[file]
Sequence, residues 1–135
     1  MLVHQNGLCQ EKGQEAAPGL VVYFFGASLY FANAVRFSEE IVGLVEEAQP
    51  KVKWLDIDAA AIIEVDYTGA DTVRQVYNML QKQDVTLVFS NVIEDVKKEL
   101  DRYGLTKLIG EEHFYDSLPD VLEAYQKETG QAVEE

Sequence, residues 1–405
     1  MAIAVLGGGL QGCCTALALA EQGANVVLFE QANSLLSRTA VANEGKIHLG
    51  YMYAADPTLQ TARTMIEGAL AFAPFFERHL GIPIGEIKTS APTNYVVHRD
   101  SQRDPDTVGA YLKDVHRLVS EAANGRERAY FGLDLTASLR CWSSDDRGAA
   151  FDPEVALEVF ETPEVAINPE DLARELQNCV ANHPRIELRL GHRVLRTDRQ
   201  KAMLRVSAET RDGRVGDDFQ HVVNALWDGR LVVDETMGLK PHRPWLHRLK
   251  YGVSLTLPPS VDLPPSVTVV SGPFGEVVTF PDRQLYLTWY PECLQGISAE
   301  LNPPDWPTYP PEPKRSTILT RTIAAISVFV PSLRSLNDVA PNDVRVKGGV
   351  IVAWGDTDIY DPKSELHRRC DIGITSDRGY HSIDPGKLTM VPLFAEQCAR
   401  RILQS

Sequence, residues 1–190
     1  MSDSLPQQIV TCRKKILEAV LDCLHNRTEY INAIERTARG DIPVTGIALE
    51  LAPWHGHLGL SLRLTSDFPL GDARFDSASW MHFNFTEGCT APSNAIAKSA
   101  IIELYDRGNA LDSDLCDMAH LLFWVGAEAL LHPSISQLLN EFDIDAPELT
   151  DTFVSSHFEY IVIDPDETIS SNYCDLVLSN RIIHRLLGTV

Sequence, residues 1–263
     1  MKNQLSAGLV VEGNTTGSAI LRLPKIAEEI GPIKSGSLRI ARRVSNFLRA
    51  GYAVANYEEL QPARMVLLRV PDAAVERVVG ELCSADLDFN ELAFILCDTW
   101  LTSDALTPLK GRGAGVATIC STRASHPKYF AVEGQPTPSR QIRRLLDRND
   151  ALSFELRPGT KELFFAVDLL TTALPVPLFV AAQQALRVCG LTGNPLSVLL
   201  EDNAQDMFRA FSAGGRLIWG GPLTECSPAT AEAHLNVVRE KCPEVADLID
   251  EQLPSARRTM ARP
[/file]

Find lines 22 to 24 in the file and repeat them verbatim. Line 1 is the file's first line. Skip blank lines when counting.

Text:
    51  GYAVANYEEL QPARMVLLRV PDAAVERVVG ELCSADLDFN ELAFILCDTW
   101  LTSDALTPLK GRGAGVATIC STRASHPKYF AVEGQPTPSR QIRRLLDRND
   151  ALSFELRPGT KELFFAVDLL TTALPVPLFV AAQQALRVCG LTGNPLSVLL